Andy Murray still hopeful of playing Wimbledon but faces ‘pretty important’ fitness test this week

Andy Murray has been in his best form since career-saving hip surgery two years ago but his Wimbledon preparation has been hit by an abdominal strain

Andy Murray admits he faces a crucial few days in his battle to overcome injury and challenge for a third men’s singles crown at Wimbledon next week.

The former world No1 has not been able to train fully since suffering an abdominal strain during the final of the Stuttgart Open just over a week ago. 

“The next couple of days are pretty important for me,” he said. “Obviously the plan is still to play [Wimbledon]. The injury that I had is improving. I’ve had it rescanned since then and it’s progressing in the right way.

“The positive is that I’ve been able to get on the practice court and hit balls and work on a lot of different things, but there’s specific shots that I have not been able to practise and that has obviously hampered the preparations. In the next couple of days, I’ll have to start to increase that and test it to see where it’s at.

“The injury that I have is not a significant injury, but it’s an injury that is tricky for tennis players. You need to manage them well and do everything properly and respect it. I’ve done that so far. Hopefully that will pay dividends come Monday.”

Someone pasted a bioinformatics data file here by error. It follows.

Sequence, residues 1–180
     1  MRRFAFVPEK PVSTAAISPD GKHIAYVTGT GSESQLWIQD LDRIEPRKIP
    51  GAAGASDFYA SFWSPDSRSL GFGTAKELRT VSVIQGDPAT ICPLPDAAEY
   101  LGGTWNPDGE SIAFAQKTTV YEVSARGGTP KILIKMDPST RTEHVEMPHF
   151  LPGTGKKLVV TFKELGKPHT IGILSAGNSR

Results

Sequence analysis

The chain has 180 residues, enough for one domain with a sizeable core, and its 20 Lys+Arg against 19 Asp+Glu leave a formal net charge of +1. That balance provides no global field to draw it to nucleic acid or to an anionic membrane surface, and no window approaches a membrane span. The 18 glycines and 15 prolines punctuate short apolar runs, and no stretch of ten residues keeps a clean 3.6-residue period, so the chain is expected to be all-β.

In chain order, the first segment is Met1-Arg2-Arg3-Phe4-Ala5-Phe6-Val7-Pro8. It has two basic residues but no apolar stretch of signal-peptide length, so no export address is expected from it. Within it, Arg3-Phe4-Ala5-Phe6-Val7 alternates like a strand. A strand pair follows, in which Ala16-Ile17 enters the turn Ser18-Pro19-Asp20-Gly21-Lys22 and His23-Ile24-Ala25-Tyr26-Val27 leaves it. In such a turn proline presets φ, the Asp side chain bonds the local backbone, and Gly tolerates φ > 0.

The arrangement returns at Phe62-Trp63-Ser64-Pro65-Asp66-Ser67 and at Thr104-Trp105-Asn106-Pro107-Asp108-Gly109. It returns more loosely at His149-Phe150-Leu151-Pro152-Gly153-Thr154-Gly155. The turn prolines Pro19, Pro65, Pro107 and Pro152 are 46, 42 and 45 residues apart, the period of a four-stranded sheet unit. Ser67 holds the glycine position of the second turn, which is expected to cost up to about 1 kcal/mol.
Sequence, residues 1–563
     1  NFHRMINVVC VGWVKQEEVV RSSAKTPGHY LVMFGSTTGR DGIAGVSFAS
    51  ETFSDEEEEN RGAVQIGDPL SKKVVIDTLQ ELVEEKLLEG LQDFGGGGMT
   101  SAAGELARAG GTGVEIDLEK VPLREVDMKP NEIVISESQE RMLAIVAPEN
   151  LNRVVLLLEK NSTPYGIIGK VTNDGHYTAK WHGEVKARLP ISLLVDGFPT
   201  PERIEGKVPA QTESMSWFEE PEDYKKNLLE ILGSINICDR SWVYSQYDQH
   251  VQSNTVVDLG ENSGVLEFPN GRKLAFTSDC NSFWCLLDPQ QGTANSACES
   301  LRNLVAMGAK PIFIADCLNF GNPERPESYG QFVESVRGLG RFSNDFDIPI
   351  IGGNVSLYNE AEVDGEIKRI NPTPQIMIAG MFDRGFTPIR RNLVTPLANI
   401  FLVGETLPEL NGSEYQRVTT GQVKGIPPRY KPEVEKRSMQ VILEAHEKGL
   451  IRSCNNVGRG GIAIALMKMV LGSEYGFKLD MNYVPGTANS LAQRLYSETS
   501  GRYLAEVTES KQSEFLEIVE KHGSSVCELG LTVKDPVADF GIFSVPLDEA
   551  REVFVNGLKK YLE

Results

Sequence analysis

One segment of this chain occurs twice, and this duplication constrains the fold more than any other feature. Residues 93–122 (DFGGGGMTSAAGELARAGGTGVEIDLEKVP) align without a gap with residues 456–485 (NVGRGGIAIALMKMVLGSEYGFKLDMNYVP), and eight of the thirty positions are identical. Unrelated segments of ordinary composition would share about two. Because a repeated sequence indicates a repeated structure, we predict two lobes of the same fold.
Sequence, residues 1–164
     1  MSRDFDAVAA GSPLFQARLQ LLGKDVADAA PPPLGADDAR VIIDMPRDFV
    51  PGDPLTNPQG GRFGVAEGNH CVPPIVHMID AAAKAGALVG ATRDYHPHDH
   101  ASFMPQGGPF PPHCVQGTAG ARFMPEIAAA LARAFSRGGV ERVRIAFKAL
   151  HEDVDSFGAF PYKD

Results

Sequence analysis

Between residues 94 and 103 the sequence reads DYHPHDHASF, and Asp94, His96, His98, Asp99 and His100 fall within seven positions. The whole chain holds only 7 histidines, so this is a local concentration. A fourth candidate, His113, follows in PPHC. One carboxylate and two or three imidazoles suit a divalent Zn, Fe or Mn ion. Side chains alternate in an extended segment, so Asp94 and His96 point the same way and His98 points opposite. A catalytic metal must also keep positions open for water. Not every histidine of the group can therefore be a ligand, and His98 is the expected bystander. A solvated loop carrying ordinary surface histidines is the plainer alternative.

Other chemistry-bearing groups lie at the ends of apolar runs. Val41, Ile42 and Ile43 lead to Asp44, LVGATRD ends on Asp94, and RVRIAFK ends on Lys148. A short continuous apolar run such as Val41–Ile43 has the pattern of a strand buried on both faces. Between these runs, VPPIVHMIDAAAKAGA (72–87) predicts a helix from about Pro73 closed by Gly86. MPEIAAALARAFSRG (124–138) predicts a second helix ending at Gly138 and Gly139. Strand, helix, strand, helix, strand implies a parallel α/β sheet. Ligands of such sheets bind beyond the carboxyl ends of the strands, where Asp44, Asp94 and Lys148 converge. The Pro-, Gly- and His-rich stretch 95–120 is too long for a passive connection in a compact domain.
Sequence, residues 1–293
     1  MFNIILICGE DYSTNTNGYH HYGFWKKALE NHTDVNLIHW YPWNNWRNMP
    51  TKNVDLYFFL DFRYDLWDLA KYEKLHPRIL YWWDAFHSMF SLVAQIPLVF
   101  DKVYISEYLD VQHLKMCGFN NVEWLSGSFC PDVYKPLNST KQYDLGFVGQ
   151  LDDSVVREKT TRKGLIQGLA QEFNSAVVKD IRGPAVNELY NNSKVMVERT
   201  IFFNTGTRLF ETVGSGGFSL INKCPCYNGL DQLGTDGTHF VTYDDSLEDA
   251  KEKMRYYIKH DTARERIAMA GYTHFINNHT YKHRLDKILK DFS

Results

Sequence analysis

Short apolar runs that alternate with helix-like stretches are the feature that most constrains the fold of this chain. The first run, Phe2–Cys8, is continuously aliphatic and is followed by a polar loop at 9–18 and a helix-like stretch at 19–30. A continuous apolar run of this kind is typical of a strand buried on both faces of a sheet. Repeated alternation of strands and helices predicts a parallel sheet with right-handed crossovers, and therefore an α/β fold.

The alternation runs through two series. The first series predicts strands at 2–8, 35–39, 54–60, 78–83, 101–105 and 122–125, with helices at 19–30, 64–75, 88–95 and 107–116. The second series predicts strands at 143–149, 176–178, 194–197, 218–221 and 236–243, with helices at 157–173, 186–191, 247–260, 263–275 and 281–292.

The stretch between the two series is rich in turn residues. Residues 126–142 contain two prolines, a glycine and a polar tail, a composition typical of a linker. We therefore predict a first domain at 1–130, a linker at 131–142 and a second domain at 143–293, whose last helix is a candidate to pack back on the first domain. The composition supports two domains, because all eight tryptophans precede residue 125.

Murray, 35, has in recent months found the best form since undergoing a hip resurfacing operation in 2019, raising hopes of another run at Wimbledon this summer.

The Briton began his grass-court season by reaching the semi-finals in Surbiton a fortnight ago and went one better the following week in Germany, where he beat Stefanos Tsitsipas and Nick Kyrgios and only lost in a close final to 2021 All England Club finalist Matteo Berrettini.

But Murray believes that success has come at a cost, with the physical toll of playing so many matches in a short spell contributing to his latest injury.

“It’s frustrating but I played nine matches in two weeks. I haven’t done that since 2016,” he said. 

“In some respects, it’s understandable because I was playing at a high level. In the end, I think it was nine matches in 12 days, which is significant, and unfortunately picked up this injury.

“I was feeling good. Everyone that I trust and respect in terms of their opinions on my game and my movement were very happy with how that side of things was going and progressing. 

“So it’s frustrating to be in this position in the build-up to Wimbledon. The positive for me is that: that I’ve dealt with certainly worse issues in the last few years and handled them okay.”

Andy Murray is wearing the Championship Collection from his signature AMC range which he will be playing in for Wimbledon 2022. Technically advanced and beautifully designed for maximum performance. View the kit at www.castore.com/collections/amc

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